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Sunday, July 15, 2012

Not the Day We Planned

The heat and drought continue and it cooled only to 73 degrees last night, but was so humid that even that warm temperature was below the dewpoint. At dawn the thermoclines produced a couple distinct bands of fog overhead, which quickly burned off into another hot, clear, and windless day. Alan and I were out of the house by eight o'clock, he to the shop to make some repairs and me to the gardens to continue my holding action against the awful purslane.

Hoes in hand, I rounded the corner of the machine shed and encountered a cow and two calves grazing in the yard, the third time this obstreperous creature and its young had breached the north fence from the neighbor's pasture. The grass is always greener...

photo credit: Rex
Iowa law uses a right-hand rule to describe the shared responsibility for fence maintenance between neighboring properties. You stand at the center along a shared boundary, looking across into your neighbor's land, and the half of the fence to your right is yours to maintain. Our half of this fence is decrepit, repairs upon repairs of old barbed and welded wire fencing, with a motley collection of mostly rotted posts. The neighbor had installed some electric fencing as a stop-gap, and we'd made some very cursory repairs, but these cows just broke through again in the same place (they're smarter than you might think), and now there were really no more half-measures to be taken.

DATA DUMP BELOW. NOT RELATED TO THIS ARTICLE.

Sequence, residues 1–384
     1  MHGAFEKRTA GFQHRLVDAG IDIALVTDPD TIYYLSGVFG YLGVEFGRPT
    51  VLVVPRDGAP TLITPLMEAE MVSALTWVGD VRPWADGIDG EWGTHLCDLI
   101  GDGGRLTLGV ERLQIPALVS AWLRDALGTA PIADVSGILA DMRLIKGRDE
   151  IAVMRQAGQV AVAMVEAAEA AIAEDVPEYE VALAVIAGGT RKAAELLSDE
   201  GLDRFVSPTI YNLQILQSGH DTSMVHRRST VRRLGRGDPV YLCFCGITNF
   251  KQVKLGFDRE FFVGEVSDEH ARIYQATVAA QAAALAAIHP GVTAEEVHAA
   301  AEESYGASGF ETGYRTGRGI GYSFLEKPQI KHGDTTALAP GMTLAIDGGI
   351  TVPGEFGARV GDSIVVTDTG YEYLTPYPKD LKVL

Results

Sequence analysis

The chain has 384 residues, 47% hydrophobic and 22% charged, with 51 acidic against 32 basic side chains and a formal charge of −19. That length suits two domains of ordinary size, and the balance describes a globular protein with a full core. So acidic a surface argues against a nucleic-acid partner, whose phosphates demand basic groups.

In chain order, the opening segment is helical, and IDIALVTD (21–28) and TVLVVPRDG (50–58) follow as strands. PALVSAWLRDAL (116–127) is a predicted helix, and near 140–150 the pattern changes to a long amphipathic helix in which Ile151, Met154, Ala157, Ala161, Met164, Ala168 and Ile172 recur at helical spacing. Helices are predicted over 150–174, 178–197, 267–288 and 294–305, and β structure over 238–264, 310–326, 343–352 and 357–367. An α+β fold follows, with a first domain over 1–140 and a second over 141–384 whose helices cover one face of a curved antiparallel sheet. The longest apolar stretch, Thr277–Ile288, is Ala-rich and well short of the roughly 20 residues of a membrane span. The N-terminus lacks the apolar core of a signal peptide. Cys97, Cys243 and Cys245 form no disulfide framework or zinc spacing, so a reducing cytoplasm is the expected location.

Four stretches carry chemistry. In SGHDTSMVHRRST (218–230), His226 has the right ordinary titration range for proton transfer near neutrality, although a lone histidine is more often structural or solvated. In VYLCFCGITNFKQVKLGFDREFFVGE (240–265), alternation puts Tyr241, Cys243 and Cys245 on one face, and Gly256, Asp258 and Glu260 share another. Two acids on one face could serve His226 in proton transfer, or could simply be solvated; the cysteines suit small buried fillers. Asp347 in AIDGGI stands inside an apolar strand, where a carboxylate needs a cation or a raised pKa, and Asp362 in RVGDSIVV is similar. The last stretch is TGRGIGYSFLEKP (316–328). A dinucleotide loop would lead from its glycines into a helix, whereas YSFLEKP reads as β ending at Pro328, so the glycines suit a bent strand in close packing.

The breach:

There were lots of things we'd rather have done today, but we built fence. The nearest braced posts required we put in a 150-foot section, using 78-inch T-posts at 12-foot spacing, and five courses of barbed wire spaced nine inches apart. Barbed wire is nasty stuff. A quarter-mile of it on a reel is very heavy. It has to be tensioned with chains and come-alongs, and we were working in and around the several previous versions of the fence and the current (ha!) electric fence. We each got a pretty good jolt along the way, and that is a damned uncomfortable experience. I rent my clothing, and I rent my flesh but, by god, we got it done.

We began at this post made of "hedge" or Osage orange, and worked our way east.

The fenceline drops into a gully at the other end and, further complicating matters, at this point the electric fence makes a 90-degree turn into the neighbor's land. Our barbed wire had to fit through it all without shorting. Here we used plastic bottles as insulators to keep the wires apart while we strung and tensioned. The sheet metal behind the trees is the vane from an old windmill, apparently placed to stabilize the slope, which here is falling from upper right to lower left.

The neighbor, who's been caring for his family farm since he was eighteen, forty years ago, gave us high marks for the finished work, so I think we did all right.

And now I'm very tired and it's time to go to bed.

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